Lorser Feitelson was born in Savannah, Georgia on February 11, 1898, and grew up in New York City. By the age of twelve, he was painting in oils, and three years later he began to paint in earnest after attending the Armory Show. At the age of eighteen, Feitelson had his own studio in New York City. Over the next few years, he met other artists, including Arthur Davies, Walter Pach, and John Sloan. From 1919 to 1926, Feitelson lived in Paris and traveled to New York to exhibit; he also spent some time in Italy. In 1927, Feitelson moved to Los Angeles, the city that would remain his home for the rest of his life. There he met his wife and artist, Helen Lundeberg, and married in 1933.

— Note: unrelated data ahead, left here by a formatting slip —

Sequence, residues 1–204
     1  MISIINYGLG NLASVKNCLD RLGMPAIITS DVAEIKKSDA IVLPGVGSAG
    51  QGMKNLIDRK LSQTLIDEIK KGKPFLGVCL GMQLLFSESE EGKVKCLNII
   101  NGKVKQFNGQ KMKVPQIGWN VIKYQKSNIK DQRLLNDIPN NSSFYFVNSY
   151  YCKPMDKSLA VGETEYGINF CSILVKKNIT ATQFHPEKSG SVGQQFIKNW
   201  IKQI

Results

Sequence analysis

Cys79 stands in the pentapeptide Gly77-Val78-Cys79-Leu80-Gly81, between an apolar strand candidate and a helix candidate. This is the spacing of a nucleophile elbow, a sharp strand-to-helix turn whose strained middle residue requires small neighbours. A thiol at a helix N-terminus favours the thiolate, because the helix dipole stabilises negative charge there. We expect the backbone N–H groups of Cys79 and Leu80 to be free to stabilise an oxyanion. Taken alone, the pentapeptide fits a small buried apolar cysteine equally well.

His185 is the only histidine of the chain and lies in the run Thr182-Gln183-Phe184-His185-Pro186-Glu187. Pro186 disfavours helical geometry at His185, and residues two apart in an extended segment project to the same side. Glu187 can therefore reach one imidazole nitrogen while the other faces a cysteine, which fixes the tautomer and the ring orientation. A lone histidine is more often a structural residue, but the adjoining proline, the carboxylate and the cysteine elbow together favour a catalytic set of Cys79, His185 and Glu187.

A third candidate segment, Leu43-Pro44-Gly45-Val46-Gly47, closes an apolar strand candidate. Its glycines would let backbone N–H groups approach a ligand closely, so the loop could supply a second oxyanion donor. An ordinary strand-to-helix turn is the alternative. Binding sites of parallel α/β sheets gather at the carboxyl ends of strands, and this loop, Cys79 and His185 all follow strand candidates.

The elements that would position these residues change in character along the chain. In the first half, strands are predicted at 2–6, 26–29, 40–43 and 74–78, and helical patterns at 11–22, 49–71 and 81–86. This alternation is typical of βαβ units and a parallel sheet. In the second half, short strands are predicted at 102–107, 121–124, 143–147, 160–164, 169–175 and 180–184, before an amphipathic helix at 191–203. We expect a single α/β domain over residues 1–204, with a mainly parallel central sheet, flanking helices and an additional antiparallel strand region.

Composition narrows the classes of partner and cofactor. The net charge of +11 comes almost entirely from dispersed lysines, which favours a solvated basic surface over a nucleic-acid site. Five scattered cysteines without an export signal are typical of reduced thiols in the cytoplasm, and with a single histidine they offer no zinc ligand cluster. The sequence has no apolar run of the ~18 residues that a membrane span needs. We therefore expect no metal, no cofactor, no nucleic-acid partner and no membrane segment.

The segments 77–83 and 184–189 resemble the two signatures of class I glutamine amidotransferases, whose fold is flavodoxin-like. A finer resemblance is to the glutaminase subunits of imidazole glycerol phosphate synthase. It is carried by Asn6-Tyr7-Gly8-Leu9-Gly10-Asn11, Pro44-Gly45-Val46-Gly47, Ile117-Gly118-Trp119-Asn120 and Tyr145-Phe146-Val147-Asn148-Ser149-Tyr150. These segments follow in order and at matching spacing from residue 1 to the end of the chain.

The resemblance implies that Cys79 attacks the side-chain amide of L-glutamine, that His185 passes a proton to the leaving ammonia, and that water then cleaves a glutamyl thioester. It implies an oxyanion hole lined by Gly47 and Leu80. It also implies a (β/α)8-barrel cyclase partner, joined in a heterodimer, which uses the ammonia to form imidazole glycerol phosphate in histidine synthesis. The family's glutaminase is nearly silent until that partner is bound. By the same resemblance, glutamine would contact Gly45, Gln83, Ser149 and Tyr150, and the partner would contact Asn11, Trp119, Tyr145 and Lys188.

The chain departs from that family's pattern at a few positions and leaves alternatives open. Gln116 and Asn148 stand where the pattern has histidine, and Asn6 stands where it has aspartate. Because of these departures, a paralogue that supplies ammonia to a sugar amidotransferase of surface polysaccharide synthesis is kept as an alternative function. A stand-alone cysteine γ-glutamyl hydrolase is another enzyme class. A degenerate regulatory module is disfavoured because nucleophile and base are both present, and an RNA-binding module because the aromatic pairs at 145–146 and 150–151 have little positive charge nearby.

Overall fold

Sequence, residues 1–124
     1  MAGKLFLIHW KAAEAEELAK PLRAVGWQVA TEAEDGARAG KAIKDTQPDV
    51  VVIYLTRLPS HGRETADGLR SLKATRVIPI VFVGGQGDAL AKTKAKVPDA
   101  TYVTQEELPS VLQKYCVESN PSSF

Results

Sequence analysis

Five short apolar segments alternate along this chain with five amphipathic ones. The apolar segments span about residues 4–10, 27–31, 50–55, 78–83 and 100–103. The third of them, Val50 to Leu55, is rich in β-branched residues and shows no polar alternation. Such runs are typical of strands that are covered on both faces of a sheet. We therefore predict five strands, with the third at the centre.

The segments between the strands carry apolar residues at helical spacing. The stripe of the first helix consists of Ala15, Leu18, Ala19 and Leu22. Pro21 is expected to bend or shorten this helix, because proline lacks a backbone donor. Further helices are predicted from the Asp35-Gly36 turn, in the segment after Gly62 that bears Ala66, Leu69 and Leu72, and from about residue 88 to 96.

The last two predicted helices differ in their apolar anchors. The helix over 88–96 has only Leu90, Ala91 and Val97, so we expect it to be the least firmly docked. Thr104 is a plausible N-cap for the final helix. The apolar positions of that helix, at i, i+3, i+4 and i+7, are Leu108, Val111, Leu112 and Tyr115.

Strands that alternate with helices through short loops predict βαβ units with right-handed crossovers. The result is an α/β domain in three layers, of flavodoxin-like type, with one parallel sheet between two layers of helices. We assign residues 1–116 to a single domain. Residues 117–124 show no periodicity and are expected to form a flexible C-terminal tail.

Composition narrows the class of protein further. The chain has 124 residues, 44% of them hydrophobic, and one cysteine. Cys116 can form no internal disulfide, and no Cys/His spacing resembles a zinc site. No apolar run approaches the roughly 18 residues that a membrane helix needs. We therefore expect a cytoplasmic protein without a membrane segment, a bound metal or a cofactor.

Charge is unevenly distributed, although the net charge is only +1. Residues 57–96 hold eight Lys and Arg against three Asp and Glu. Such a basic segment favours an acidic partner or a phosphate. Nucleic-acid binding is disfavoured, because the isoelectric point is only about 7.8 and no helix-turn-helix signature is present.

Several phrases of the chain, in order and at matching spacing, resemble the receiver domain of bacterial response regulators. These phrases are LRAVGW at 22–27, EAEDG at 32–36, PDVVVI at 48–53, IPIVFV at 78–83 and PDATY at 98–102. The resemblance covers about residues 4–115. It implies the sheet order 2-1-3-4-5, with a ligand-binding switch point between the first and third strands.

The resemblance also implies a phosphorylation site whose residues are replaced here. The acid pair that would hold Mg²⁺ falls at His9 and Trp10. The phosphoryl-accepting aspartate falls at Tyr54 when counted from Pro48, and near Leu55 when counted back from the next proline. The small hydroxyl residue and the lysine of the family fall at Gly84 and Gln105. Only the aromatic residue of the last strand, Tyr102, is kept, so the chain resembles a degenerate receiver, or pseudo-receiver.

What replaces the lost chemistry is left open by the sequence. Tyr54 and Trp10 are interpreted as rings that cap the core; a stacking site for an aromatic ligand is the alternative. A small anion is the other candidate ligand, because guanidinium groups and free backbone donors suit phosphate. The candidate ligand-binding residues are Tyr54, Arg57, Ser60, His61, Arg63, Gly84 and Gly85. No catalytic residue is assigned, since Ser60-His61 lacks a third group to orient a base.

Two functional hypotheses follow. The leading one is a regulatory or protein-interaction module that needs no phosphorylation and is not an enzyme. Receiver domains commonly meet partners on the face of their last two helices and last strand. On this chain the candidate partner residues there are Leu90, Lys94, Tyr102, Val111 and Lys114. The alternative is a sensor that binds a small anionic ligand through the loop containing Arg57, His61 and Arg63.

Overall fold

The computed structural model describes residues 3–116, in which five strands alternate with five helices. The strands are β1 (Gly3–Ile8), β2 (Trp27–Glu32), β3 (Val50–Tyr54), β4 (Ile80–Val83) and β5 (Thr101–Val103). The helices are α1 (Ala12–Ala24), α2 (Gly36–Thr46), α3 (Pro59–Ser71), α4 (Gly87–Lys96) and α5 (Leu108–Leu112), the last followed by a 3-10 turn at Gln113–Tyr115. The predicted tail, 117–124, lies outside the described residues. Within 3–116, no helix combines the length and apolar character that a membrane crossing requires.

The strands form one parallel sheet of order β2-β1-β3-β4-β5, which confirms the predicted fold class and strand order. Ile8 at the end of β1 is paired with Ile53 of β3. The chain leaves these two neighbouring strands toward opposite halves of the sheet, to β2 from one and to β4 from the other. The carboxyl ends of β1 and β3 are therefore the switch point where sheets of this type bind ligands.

Feitelson taught at the Chouinard Art Institute and the Stickney Memorial School of Art, became involved in the operations of the Centaur Gallery, and helped to found the Stanley Rose Gallery and the Hollywood Gallery of Modern Art. Beginning with the first Post-surrealist exhibition 1934, Feitelson and Lundeberg's work was exhibited at the San Francisco Museum of Art, the Brooklyn Museum, and was included in the Museum of Modern Art's
Fantastic Art, Dada and Surrealism
exhibition of 1937. Feitelson continued to create Post-surrealist paintings until 1942. During this same time, Feitelson also served as the Supervisor of Murals, Painting, and Sculpture for the Southern California Works Progress Administration Federal Arts Project.
In 1944, Feitelson began to paint abstract shapes that he referred to as "magical forms." Feitelson continued working in an abstract manner throughout the fifties, and in 1959 was included by Jules Langsner in the exhibition